Do smart devices make smart kids?
- 6 July 2012
- From the section Technology
I grew up with Ladybird books. They looked pretty old-fashioned when I was reading them and they seem to belong to a bygone age in the era of iPads and e-books.
These days, with the toddler acknowledged as the family's tablet expert, children often learn to navigate the internet before they learn to read.
But are smart screens making our children smarter or simply creating a new generation of "square eyes"?
In the US most young children have access to a touch-screen device and, according to Daniel Anderson, a professor emeritus of psychology at the University of Massachusetts, using these devices could be more addictive than watching television.
A young child will look away from a TV screen about 150 times an hour, but a well-designed iPad app is more engaging because the child is touching the screen to generate actions.
Half of all US 10-year-olds read poorly, according to Dr Michael Levine, executive director of the Joan Ganz Cooney Center, which was set up to research how digital media impact on learning.
One of the centre's studies, using an iPod Touch, found that the vocabulary of 13 five-year-olds improved by an average of 27% after using an educational app called Martha Speaks.
Another study, using a different educational app, had a similar result, with three-year-olds showing a 17% gain.
Its latest research compared how children learned using traditional books versus e-readers.
The conclusion was that for young children traditional books were more effective in focusing attention on literacy skills while e-readers helped older children maintain attention and excitement with books.
But even then the picture is complicated.
"Children may be distracted by the bells and whistles of enhanced e-books. They may be engaged but many are not comprehending as much," said Dr Levine.
"It depends on the context and content, but e-readers aren't going to solve the reading crisis."
The idea that apps and touch screens are now constant companions for young readers was the inspiration for MagicTown, a fantasy world built around classic children's books such as Elmer, Winnie The Witch and Little Princess.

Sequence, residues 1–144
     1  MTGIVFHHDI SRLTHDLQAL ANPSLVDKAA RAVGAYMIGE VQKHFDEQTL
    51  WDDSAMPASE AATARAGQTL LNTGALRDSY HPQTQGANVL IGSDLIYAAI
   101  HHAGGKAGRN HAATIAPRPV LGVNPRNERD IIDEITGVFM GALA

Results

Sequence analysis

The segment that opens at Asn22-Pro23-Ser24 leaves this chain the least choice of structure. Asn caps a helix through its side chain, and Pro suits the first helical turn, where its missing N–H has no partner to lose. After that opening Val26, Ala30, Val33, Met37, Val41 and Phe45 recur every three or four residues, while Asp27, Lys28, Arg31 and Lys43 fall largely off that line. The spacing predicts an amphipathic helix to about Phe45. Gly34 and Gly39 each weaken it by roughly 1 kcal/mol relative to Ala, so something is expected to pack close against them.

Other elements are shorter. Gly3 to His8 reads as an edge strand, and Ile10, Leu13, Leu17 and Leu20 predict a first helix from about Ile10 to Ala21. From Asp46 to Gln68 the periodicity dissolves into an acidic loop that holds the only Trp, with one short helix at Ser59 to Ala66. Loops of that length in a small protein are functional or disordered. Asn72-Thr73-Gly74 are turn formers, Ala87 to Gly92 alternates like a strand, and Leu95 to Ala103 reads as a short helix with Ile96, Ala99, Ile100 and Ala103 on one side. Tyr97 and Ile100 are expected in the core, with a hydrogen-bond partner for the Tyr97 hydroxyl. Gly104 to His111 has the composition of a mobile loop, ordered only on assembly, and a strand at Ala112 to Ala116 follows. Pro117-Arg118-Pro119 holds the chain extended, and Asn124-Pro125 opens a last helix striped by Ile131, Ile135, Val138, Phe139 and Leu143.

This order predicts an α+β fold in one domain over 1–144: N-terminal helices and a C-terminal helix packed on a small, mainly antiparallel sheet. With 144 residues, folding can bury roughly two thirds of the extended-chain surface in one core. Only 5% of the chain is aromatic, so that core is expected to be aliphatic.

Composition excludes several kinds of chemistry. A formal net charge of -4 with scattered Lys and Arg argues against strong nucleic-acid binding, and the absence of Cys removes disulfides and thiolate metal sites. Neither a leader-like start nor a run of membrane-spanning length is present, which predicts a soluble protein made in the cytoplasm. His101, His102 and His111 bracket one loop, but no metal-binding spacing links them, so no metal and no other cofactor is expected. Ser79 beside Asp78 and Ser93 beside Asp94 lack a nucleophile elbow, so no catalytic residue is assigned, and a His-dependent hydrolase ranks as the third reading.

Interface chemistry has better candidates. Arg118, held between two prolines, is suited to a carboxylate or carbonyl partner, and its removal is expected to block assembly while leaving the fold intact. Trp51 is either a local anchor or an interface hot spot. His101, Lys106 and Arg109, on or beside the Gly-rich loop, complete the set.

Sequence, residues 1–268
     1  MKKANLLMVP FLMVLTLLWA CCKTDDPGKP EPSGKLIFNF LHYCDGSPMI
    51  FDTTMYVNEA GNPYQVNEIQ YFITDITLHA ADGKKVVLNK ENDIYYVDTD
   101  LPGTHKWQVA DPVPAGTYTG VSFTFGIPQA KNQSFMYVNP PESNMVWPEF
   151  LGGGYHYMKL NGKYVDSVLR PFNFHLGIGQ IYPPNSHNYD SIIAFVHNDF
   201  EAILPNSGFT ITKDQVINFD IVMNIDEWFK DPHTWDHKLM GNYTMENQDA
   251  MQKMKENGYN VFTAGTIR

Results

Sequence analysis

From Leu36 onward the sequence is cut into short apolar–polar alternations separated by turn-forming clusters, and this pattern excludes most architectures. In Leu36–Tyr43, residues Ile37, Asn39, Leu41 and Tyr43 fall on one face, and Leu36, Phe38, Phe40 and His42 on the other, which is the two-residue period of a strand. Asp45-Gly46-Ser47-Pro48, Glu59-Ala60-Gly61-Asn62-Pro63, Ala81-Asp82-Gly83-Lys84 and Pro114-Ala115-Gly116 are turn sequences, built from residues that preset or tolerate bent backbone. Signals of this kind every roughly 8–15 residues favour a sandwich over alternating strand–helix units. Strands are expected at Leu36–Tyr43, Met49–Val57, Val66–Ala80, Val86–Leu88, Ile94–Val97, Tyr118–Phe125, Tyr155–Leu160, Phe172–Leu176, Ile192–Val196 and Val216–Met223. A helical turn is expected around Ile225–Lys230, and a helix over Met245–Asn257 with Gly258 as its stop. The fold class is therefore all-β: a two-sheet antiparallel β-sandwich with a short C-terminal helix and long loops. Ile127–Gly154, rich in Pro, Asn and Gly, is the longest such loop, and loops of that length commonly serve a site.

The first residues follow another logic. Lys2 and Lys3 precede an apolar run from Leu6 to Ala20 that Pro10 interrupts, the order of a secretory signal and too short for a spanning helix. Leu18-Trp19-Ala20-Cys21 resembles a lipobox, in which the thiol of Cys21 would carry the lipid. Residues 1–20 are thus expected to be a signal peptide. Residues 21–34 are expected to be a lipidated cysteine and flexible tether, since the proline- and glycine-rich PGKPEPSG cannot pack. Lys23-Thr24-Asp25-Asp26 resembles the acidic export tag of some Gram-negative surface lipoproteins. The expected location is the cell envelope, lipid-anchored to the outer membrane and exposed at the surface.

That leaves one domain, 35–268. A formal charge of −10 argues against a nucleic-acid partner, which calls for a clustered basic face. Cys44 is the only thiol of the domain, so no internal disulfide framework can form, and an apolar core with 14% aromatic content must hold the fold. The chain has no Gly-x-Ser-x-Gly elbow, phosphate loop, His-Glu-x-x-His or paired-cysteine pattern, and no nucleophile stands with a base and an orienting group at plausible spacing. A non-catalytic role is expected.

The site is trying to bridge the gap between the screen-based digital world and a time when families gathered around to listen to stories.
Every time a child listens to a story, they create a new house in the town.
They can choose a variety of modes for stories, from basic listening to modules that require them to participate in the story.
Even in the web age, stories maintain their power said David Begg, chief executive officer and co-founder.
"Story is the best medium to teach children. From the village elder importing stories from generation to generation, it is how people learn about emotions, morals and the structure of society," he said.
In Magic Town the village elder is a lion called Louis who will tell different stories to children daily.
The tree at the centre of the town grows more leaves the more stories listened to and withers if none are read.
"It is not about ramming books down kids throats but about engaging them," said Mr Begg.
"We wanted it to be something that parents think is valuable for their children," he added.
The model of children learning alongside adults is thought to be the ideal, but in parts of the world with low literacy rates it is simply not possible.
In such places, the screen may take the place of a parent or teacher.
Prof Sugata Mitra, whose "hole-in-the-wall" terminals offered children living in the slums of India their first experience of computers.
Now, in conjunction with the Massachusetts Institute of Education, he is experimenting with teaching children to read without adult intervention.
"We are trying to find out if children can learn to read by themselves," he said.
He and his team have created reading software which has been installed on computers in three villages in central India, one in West Bengal, plus in a slum school and household in Calcutta.
The trial runs until the end of the year.
"The field reports so far are exciting. Children are starting to read already," said Prof Mitra.
Just how technology can be harnessed to help children learn in better ways may be unclear, but it is obvious children's perception of books has radically altered.
"Really young children look at a real book and think that it is electronic. They try to swipe it and think it is broken when nothing happens," said Dr Levine.